Voters rejected Issue 2 by a margin of 79 percent to 21 percent, according to unofficial results.
Ohio voters approved a measure to list rights for crime victims in the Ohio Constitution – and a way to appeal if those rights are violated.
Issue 1 passed by a margin of 83 percent to 17 percent.
ANNAPOLIS, Md., November 6, 2017 – More than 40 million Kidde fire extinguishers equipped with plastic handles, some on the market for more than 40 years, have been recalled. According to the Consumer Product Safety Commission (CPSC), “The fire extinguishers can become clogged or require excessive force to discharge and can fail to activate during a fire emergency. In addition, the nozzle can detach with enough force to pose an impact hazard.” The BoatUS Foundation for Boating Safety and Clean water is urging recreational boat owners to check their boats for the recalled extinguishers and get a free metal-handled replacement by going to the CPSC recall website.
The recall affects both plastic-handle and push-button Pindicator Kidde fire extinguishers, including 134, ABC- or BC-rated models manufactured between January 1, 1973, and August 15, 2017. The extinguishers are red, white or silver and were sold in the US and Canada through a wide range of retailers from Montgomery Ward to Amazon. The CPSC recall website shows how to easily identify the affected extinguishers.
In the recall, Kidde also acknowledged the free replacement push-button extinguisher being sent to personal watercraft owners is similar in size to the recalled model but may not fit in the same location as the old fire extinguisher. “This may require a slightly different mounting orientation or location,” said BoatUS Foundation Assistant Director of Boating Safety Ted Sensenbrenner.”
CPSC says there have been approximately 391 reports of failed or limited activation or nozzle detachment, including one fatality; approximately 16 injuries, including smoke inhalation and minor burns; and approximately 91 reports of property damage.
Kidde may also be contacted toll-free at 855-271-0773 from 8:30 a.m. to 5 p.m. ET Monday through Friday, 9 a.m. to 3 p.m. ET Saturday and Sunday. The company offers additional recall information online at kidde.com by selecting “Product Safety Recall.”
Many stations across Ohio are raising gas prices to nearly $2.70 a gallon, due to tight supplies and increased demand.
According to a release from Ohio AAA, while today’s average price in Ohio sits at $2.48 this will likely increase during the next few days.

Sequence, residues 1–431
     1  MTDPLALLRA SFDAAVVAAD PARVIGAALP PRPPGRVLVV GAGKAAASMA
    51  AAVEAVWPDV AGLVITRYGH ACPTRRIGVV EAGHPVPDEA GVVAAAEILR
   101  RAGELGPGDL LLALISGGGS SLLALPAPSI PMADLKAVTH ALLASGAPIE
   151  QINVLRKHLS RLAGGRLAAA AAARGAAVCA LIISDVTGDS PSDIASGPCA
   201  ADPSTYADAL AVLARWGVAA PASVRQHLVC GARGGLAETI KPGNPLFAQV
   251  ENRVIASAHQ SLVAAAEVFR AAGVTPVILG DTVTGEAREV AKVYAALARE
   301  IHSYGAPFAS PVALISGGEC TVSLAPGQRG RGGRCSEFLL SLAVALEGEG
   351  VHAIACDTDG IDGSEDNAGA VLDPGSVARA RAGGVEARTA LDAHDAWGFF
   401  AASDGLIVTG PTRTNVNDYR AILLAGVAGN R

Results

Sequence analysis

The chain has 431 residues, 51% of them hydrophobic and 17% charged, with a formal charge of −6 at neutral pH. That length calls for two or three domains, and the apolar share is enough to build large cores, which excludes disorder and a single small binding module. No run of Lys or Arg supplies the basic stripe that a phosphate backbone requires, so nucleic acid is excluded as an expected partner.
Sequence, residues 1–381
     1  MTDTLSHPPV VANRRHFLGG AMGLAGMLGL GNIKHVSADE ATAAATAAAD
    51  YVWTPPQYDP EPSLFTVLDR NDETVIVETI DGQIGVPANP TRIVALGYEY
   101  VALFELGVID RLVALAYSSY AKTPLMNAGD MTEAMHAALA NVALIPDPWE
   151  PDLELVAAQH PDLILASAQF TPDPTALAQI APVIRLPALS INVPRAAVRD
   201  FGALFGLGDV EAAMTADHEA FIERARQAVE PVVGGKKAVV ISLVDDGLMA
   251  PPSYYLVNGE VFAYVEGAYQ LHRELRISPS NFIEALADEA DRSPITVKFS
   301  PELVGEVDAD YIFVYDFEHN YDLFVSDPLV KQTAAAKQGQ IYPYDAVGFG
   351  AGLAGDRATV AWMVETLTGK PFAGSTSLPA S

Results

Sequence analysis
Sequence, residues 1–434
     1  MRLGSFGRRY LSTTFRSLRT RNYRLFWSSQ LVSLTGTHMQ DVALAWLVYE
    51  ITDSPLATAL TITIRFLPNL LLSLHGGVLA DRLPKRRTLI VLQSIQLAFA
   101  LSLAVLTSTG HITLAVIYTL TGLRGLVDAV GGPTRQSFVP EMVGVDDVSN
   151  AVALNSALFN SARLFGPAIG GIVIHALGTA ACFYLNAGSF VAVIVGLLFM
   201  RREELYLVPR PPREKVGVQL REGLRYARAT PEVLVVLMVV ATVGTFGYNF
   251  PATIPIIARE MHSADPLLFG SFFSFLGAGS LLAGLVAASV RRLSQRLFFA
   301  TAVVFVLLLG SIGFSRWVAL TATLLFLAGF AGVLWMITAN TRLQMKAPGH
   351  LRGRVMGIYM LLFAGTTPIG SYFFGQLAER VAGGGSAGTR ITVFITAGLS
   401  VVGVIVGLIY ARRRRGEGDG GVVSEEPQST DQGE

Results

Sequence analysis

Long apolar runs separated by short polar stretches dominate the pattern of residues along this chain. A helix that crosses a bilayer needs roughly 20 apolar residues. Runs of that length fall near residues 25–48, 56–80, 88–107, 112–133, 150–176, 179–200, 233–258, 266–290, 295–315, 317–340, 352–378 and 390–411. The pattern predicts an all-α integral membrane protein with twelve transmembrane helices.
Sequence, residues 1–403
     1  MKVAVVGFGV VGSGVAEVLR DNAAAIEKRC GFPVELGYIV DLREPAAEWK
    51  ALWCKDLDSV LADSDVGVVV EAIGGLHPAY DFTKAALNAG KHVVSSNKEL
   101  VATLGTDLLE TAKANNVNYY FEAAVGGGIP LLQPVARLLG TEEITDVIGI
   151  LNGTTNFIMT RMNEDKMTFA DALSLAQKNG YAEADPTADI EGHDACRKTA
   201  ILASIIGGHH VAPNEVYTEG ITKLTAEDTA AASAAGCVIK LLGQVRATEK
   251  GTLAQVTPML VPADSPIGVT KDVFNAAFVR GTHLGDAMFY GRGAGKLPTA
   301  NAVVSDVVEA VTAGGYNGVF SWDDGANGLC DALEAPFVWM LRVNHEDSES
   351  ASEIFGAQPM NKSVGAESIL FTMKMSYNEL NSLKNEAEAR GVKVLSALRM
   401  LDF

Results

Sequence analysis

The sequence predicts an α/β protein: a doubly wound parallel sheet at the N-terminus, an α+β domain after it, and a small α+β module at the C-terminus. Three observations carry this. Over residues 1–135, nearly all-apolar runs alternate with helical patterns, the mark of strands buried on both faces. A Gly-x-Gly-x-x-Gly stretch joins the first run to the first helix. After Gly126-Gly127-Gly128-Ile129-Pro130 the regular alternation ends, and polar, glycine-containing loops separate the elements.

Ohio’s gas prices peaked at $2.53 on September 3, after Hurricane Harvey knocked out refining capacity in the Gulf Coast. This current price spike will likely send the Ohio average to the highest levels since June, 2016.
In addition, crude oil prices are on the rise, as inventories are down and demand is up in the U.S. and globally.
The community is invited to roll up a sleeve and give blood with the American Red Cross during the 36th annual Blood Battle between The Ohio State University and the University of Michigan now through Nov. 22.
During the Blood Battle, the archrivals will partner with the Red Cross to see which university’s supporters can bring in the most blood donations. Blood Battle has highlighted the first weeks of November leading up to the day the schools face off on the football field every year since 1981.
Ohio State lost the Blood Battle last year by just eight donations. So far Ohio State has won 14 Blood Battles, and Michigan has won 20, with one year resulting in a tie.
Ohio's unemployment rate was 5.3 percent in September 2017, down from 5.4
percent in August 2017. Ohio’s nonagricultural wage and salary employment
increased 10,500 over the month, from a revised 5,546,500 in August to 5,557,000
in September 2017.
The number of workers unemployed in Ohio in September was 305,000, down 6,000
from 311,000 in August. The number of unemployed has increased by 21,000 in the
past 12 months from 284,000. The September unemployment rate for Ohio increased
from 5.0 percent in September 2016.
The U.S. unemployment rate for September was 4.2 percent, down from 4.4 percent
in August, and down from 4.9 percent in September 2016.
County, city and metropolitan area unemployment rates for September 2017 will be
posted online at OhioLMI.com on Tuesday, October 24, 2017.
The State of Ohio is deploying a new tool in its fight against prescription drug abuse.
The State of Ohio Board of Pharmacy announced an upgrade to Ohio’s prescription drug monitoring program that will provide Ohio prescribers and pharmacists with advanced tools to promote patient safety and assist in clinical decision-making.
The new platform, which offers several key features, including scores that calculate a patient’s possible risk of overdose and addiction, will be made available at no cost to all Ohio healthcare providers.
Implementation of the upgrade is supported by the Health Information Technology for Economic and Clinical Health Act.
The Ohio Department of Insurance announced Wednesday the average rate changes in 2016 for the top 10 homeowners and private passenger auto insurance groups in Ohio.
Rates increased 1.9 percent for homeowners and 3.1 percent for auto insurance. Even with the increase, Ohioans pay among the lowest average insurance premiums for homeowners and auto insurance.
Ohioans pay an average of $797 for homeowners insurance and $683 for auto insurance compared to the national average. Ohio’s combined average premiums are $518 below the national averages.
Changes in auto insurance rates can be associated with medical costs, weather-related claims, the number of cars on Ohio roads and repairs costs. Homeowners insurance rates can be impacted by weather-related claims, and building and material costs.